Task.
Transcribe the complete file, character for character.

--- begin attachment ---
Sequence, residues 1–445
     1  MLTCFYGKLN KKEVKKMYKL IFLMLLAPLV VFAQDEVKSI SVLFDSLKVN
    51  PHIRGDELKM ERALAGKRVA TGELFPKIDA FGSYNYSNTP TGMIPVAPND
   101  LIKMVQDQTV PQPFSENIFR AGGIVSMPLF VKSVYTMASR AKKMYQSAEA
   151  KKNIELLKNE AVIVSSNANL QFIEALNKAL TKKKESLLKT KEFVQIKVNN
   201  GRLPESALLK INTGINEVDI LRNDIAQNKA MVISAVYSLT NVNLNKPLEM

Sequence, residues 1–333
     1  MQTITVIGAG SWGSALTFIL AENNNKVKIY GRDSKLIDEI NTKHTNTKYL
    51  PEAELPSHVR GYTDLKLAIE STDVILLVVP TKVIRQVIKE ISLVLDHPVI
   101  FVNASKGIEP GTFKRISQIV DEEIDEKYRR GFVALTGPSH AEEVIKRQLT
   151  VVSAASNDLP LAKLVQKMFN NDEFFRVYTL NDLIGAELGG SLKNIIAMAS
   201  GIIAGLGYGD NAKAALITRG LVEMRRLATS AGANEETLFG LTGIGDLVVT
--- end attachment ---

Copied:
Sequence, residues 1–445
     1  MLTCFYGKLN KKEVKKMYKL IFLMLLAPLV VFAQDEVKSI SVLFDSLKVN
    51  PHIRGDELKM ERALAGKRVA TGELFPKIDA FGSYNYSNTP TGMIPVAPND
   101  LIKMVQDQTV PQPFSENIFR AGGIVSMPLF VKSVYTMASR AKKMYQSAEA
   151  KKNIELLKNE AVIVSSNANL QFIEALNKAL TKKKESLLKT KEFVQIKVNN
   201  GRLPESALLK INTGINEVDI LRNDIAQNKA MVISAVYSLT NVNLNKPLEM

Sequence, residues 1–333
     1  MQTITVIGAG SWGSALTFIL AENNNKVKIY GRDSKLIDEI NTKHTNTKYL
    51  PEAELPSHVR GYTDLKLAIE STDVILLVVP TKVIRQVIKE ISLVLDHPVI
   101  FVNASKGIEP GTFKRISQIV DEEIDEKYRR GFVALTGPSH AEEVIKRQLT
   151  VVSAASNDLP LAKLVQKMFN NDEFFRVYTL NDLIGAELGG SLKNIIAMAS
   201  GIIAGLGYGD NAKAALITRG LVEMRRLATS AGANEETLFG LTGIGDLVVT